UNITED NATIONS (Reuters) - Russia vetoed a French-drafted U.N. Security Council resolution on Saturday that would have demanded an end to air strikes and military flights over Syria’s city of Aleppo, while a rival Russian draft text failed to get a minimum nine votes in favour.
Moscow’s text was effectively the French draft with Russian amendments. It removed the demand for an end to air strikes on Aleppo and put the focus back on a failed Sept. 9 U.S./Russia ceasefire deal, which was annexed to the draft.
British U.N. Ambassador Matthew Rycroft told Russian U.N. Ambassador Vitaly Churkin: “Thanks to your actions today, Syrians will continue to lose their lives in Aleppo and beyond to Russian and Syrian bombing. Please stop now.”
Syrian President Bashar al-Assad’s forces, backed by Russian war planes and Iranian support, have been battling to capture eastern Aleppo, the rebel-held half of Syria’s largest city, where more than 250,000 civilians are trapped.
“Russia has become one of the chief purveyors of terror in Aleppo, using tactics more commonly associated with thugs than governments,” U.S. Deputy Ambassador to the United Nations David Pressman told the council.
He said Russia was “intent on allowing the killing to continue and, indeed, participating in carrying it out” and that what was needed from Moscow was “less talk and more action from them to stop the slaughter.”
A U.N. resolution needs nine votes in favour and no vetoes to be adopted. The veto powers are the United States, France, Britain, Russia and China. The Russian text only received four votes in favour, so a veto was not needed to block it.
The French draft received 11 votes in favour, while China and Angola abstained. Venezuela joined Russia in voting against it.
It was the fifth time Russia has used its veto on a U.N. resolution on Syria during the more than five-year conflict.
The previous four times China backed Moscow in protecting Syria’s government from council action, including vetoing a bid to refer the situation in Syria to the International Criminal Court. China voted in favour of Russia’s draft on Saturday.
China’s U.N. Ambassador Liu Jieyi said some of the content of the French draft “does not reflect the full respect for the sovereignty, independence, unification and territorial integrity of Syria,” while the content of the Russian draft did.
“We regret that the (Russian draft) resolution was not adopted,” he told the council.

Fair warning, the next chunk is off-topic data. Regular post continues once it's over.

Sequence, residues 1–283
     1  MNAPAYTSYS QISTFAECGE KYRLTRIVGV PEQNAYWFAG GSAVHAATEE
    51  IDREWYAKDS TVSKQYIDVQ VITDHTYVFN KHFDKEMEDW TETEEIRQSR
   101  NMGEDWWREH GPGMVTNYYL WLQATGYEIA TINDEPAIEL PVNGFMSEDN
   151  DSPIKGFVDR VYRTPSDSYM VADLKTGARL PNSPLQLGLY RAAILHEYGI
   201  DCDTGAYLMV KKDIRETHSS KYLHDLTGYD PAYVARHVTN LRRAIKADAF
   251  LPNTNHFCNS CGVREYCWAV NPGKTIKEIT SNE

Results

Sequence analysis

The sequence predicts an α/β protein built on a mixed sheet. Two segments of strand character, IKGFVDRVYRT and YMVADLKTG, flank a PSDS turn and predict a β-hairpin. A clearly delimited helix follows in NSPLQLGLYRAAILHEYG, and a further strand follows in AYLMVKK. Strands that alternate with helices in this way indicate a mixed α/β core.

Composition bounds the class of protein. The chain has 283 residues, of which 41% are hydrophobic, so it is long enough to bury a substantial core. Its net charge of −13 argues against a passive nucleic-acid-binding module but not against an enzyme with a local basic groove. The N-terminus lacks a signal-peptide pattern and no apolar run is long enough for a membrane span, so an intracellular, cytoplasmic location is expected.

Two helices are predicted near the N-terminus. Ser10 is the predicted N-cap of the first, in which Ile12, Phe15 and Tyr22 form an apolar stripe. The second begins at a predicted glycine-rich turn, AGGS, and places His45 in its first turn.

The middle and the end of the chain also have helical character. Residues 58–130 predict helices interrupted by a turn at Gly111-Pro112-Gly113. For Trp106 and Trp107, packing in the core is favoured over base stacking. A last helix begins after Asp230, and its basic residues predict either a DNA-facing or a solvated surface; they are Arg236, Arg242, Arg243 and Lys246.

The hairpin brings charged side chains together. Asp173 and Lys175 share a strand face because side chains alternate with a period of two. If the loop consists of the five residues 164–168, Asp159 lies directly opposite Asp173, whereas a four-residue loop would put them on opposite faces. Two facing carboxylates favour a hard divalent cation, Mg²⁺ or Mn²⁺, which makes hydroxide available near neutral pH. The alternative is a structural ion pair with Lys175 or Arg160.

Russia only gained the support of China, Venezuela and Egypt for its draft resolution. Angola and Uruguay abstained, while the remaining nine council members voted against.
Churkin, who is council president for October, described the dual votes on Saturday as one of the “strangest spectacles in the history of the Security Council.”
“Given that the crisis in Syria is at a critical stage, when it is particularly important that there be a coordination of the political efforts of the international community, this waste of time is inadmissible,” Churkin told the council.
Syrian government forces recaptured territory from insurgents in several western areas on Saturday.
Both the French and Russian U.N. draft resolutions called for a truce and humanitarian aid access throughout Syria.
“If we don’t so something this town (Aleppo) will soon just be in ruins and will remain in history as a town in which the inhabitants were abandoned to their executioners,” French Foreign Minister Jean-Marc Ayrault said. “If the international community does not wake up it will share the responsibility.”
The council negotiated for a week on the text drafted by France. Russia circulated its own draft on Friday and said it would be put to a vote after the French text on Saturday.
Angola’s U.N. Ambassador Ismael Gaspar Martins said his country abstained on both votes because it did not want to be drawn into the acrimony between the United States and Russia.
The United States on Monday suspended talks with Russia on implementing a ceasefire deal in Syria, accusing Moscow of not living up to its commitments to halt fighting and ensure aid reached besieged communities.
A crackdown by Assad on pro-democracy protesters in 2011 sparked a civil war and Islamic State militants have used the chaos to seize territory in Syria and Iraq. Half of Syria’s 22 million people have been uprooted and more than 400,000 killed.
Reporting by Michelle Nichols; Editing by James Dalgleish and Bernard Orr